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The Year In Art

Cowboys and Engines, Jhana and the Rats of James Olds, Interior/Exterior, CART, DUOX, and more.

Photo: Michael Northrup, License: N/A

Michael Northrup

Dustin Carlson Cowboys and Engines


It’s been a year of flux and transition in Baltimore’s art world. Then again, maybe they all are in these heady days. A flurry of new arts groups and galleries sprouted up, adding to the already rich mix of opportunities here for emerging artists; Guest Spot, the Nomad Gallery, the EMP Collective, and the new photography collective (in parenthesis) come to mind. Meanwhile, several of the city’s more established operations prepared to renovate and expand. The Contemporary Museum has gone back to its peripatetic roots of late; while it waits for renovations on its Mount Vernon space—scheduled to be completed in early 2012—the museum has hosted numerous shows and events in other spaces throughout the city. And this year the Baltimore Museum of Art embarked on a $24 million, three-year renovation that will upgrade the Contemporary, American, and African galleries, among other improvements. Promising times ahead, folks. (Andrea Appleton)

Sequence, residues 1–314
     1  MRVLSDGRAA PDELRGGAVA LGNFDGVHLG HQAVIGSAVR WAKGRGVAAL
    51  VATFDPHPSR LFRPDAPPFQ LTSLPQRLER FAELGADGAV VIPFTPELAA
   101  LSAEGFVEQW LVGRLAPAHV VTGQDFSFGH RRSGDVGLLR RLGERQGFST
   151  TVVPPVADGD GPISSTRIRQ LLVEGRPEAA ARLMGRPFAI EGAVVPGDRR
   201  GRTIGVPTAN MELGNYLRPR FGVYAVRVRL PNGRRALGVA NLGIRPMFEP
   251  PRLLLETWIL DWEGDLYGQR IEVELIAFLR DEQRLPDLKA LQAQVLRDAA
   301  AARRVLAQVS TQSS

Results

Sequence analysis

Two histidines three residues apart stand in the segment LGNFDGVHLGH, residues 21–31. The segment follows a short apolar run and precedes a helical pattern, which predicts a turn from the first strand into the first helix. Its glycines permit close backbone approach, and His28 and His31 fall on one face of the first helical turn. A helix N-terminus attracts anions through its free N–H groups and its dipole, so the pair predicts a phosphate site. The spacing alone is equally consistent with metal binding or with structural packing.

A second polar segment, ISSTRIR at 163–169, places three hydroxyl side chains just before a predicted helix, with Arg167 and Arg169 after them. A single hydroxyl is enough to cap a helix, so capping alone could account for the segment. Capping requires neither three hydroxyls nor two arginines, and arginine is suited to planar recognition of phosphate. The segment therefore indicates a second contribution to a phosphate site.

1 Dustin Carlson, Cowboys and Engines (Gallery Four) Our arts contributors were nearly unanimous in choosing Cowboys and Engines for top billing this year. The Gallery Four co-founder held his first solo show in the space this year, after 11 years in operation. It was worth the wait. The five installations in the show all circled around the theme of the American Dream, especially as played out in the West. Carlson manufactured exquisite replicas of gas pumps, billboards, exhaust pipes, an ice machine, and oil rigs. The space was transformed into a clanging, whirring reminder of how voraciously our society is consuming resources. But the objects themselves retained a nostalgic, design-sensitive air, hinting at the dream that led us here. (AA)